I had so many expectations about Prague that I forgot to go out and make them a reality. It wasn’t until I studied the demands for peace and love on the Lennon wall, watched a Czech girl scribble in her journal in the sun along the river and stifled my shame of not knowing a word of the language to chat with locals that I understood what I lacked was love.
As the Beatles said, it is all you need, and that is especially true in this city. Once I reminded myself to look beyond the physical beauty of the city and open my heart to the subtleties of the people and culture, the love came right back to me.
I suppose that’s how it usually works, isn’t it? Sometimes, once you get comfortable in a place, be it Spain or New York or rural Kansas, you’ve got to go somewhere uncomfortable to remind you of the importance of an open heart and adventurous soul.
Prague is now a very special place for me, and I can’t wait to go back for more inspiration. If that next trip happens to be in the toasty summer months, though, I would not mind. Not one bit.
Posted on October 3, 2013
I’m not much of a sight-seer. Never have been, though I am getting better with age. Churches that were once deathly boring now fascinate me and I get giddy in museums that you may have found me dozing off in five years ago. That said, I’d almost always rather be wandering the streets of a new place instead of inside a building or staring at a monument, however historically important they may be. Segovia is full of so many marvels that I was equally as content exploring the Romanesque churches and examining the stunning aqueduct as I was taking in the energy of its streets.
An hour’s bus ride from Madrid, this ancient city could not differ more from the capital. It reminded me so much of Granada with its cobblestone streets and charming ambience, but had a distinct flavor of the north. Instead of Andalusia’s orange trees and falling wisteria, Segovia finds itself smack-dab in the desert of Castilla-Leon, under endless blue skies and hugged by thick greenery. Instead of lively tapas bars and seafood spots, Segovia’s winding alleys are filled with cozy asadores and taverns offering the local special, cochinillo, roasted suckling pig, as well as pig cooked every way you could imagine (and some you’d rather not).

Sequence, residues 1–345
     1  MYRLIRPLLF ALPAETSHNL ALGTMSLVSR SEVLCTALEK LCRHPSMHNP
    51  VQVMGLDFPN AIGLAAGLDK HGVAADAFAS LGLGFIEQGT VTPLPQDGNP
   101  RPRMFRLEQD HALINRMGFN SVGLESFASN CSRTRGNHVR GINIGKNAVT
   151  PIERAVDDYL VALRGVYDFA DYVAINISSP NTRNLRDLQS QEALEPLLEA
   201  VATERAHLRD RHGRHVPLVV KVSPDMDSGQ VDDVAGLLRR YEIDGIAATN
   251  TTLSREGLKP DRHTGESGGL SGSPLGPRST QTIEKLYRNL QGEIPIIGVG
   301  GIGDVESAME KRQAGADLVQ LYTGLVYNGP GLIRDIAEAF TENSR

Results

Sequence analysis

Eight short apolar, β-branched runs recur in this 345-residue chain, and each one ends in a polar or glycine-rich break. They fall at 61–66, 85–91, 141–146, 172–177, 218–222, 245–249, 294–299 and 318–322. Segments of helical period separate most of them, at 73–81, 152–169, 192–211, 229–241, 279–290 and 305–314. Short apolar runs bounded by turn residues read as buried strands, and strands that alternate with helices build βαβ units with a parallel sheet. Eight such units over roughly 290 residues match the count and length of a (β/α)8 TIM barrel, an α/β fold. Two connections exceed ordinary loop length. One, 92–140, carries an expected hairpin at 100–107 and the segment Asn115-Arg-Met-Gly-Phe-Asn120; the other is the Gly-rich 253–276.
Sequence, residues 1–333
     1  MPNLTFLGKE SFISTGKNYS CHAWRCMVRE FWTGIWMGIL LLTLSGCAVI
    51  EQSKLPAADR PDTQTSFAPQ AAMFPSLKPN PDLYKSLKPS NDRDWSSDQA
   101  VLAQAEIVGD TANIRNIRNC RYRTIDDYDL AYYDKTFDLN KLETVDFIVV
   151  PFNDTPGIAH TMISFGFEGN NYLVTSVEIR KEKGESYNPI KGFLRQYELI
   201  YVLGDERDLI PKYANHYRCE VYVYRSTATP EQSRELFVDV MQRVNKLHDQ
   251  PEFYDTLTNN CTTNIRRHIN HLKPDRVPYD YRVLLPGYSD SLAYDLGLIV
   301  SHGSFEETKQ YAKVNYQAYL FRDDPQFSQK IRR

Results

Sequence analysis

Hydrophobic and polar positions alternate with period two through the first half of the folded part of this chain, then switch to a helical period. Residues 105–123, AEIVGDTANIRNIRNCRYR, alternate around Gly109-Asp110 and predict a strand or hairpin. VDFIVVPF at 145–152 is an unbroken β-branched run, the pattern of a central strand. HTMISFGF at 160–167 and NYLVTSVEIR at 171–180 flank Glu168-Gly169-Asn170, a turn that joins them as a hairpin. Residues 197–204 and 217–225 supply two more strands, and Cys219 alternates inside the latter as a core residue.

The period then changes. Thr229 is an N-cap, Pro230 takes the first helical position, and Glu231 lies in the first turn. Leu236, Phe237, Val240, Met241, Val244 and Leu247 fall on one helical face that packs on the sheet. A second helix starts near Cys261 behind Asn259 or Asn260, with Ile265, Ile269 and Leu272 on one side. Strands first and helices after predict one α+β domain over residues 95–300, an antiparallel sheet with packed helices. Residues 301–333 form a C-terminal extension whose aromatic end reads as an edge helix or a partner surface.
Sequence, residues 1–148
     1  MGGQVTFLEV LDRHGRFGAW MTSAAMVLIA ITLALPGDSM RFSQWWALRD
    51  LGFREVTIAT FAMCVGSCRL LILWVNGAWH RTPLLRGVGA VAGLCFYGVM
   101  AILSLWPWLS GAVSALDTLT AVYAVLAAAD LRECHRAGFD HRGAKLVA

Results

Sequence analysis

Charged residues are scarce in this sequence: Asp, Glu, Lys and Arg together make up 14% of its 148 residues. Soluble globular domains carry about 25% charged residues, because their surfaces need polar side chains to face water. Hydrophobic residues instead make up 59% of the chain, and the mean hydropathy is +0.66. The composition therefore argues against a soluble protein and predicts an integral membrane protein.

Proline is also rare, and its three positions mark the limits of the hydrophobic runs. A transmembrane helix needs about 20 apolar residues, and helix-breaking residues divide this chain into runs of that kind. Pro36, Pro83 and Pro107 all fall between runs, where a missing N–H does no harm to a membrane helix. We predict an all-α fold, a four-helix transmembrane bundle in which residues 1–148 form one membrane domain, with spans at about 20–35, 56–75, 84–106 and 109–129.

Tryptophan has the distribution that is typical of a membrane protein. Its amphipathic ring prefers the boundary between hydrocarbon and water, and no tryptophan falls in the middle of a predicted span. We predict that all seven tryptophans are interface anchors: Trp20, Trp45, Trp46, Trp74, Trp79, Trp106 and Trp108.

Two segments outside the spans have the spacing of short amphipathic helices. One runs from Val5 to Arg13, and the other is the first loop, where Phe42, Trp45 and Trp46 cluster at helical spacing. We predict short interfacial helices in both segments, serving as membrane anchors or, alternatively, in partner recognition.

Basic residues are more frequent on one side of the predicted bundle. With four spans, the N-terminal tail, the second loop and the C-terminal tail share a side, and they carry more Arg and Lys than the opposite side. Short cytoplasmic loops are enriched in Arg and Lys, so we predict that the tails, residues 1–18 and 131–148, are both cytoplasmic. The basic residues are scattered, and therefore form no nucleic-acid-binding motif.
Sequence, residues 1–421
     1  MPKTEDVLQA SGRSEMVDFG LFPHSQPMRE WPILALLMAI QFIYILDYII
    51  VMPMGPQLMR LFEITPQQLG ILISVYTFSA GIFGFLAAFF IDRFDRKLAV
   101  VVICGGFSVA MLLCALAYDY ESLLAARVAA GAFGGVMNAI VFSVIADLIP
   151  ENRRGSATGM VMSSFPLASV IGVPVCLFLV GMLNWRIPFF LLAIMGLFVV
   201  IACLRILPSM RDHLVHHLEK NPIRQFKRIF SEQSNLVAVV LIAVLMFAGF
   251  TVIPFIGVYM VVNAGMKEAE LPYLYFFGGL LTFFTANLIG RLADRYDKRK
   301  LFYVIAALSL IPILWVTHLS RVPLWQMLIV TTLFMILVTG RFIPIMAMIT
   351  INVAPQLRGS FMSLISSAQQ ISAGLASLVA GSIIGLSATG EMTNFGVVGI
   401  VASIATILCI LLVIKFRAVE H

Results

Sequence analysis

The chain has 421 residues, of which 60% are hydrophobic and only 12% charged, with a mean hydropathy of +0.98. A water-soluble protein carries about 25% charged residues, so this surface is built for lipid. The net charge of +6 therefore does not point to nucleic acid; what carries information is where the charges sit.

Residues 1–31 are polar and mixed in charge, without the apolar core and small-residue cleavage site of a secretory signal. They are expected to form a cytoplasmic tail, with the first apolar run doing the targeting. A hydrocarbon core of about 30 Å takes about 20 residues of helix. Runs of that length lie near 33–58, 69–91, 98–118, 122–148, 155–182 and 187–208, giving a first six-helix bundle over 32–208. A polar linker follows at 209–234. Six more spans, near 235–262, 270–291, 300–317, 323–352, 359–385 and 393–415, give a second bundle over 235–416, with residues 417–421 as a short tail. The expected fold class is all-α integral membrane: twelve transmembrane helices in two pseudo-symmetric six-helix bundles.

Early on a Saturday morning, I watched the city wake up. Families trickled into the plazas for cafe con leche with their grandparents and furry friends, and I got a glimpse into what life might be like in this land of centuries passed. I made friends with a pair of light-eyed Moroccan boys playing futbol and blasting Gangnam Style in the calle, chased down all the sweet puppies I could find and simply let my eyes wander for hours. I liked what I saw.
Segovia is for romantics. For lovers. For those who let their minds churn as their eyes drink in the wonders before them.
Your senses are assaulted upon arrival with the sight of the glorious aqueduct obscuring the city only slightly, its arches letting the scent of roasted meats waft through. Your passage through Segovia’s front door of sorts is rewarded with gem after gem: carefully crafted windows in centuries-old homes overflowing with flowers, the most breathtaking gothic cathedral you’ll ever lay your eyes on, and the former abode of infamous Reina Isabela. The mixture of hugely important historical institutions and the tiny details the watchful eye catches in the alleyways of Segovia could keep even the most temperamental soul contented for days. Throw in a plate of cochinillo, a bottle of red and a long siesta with the Spanish grandpas in Plaza Mayor and you may be tempted to stay forever.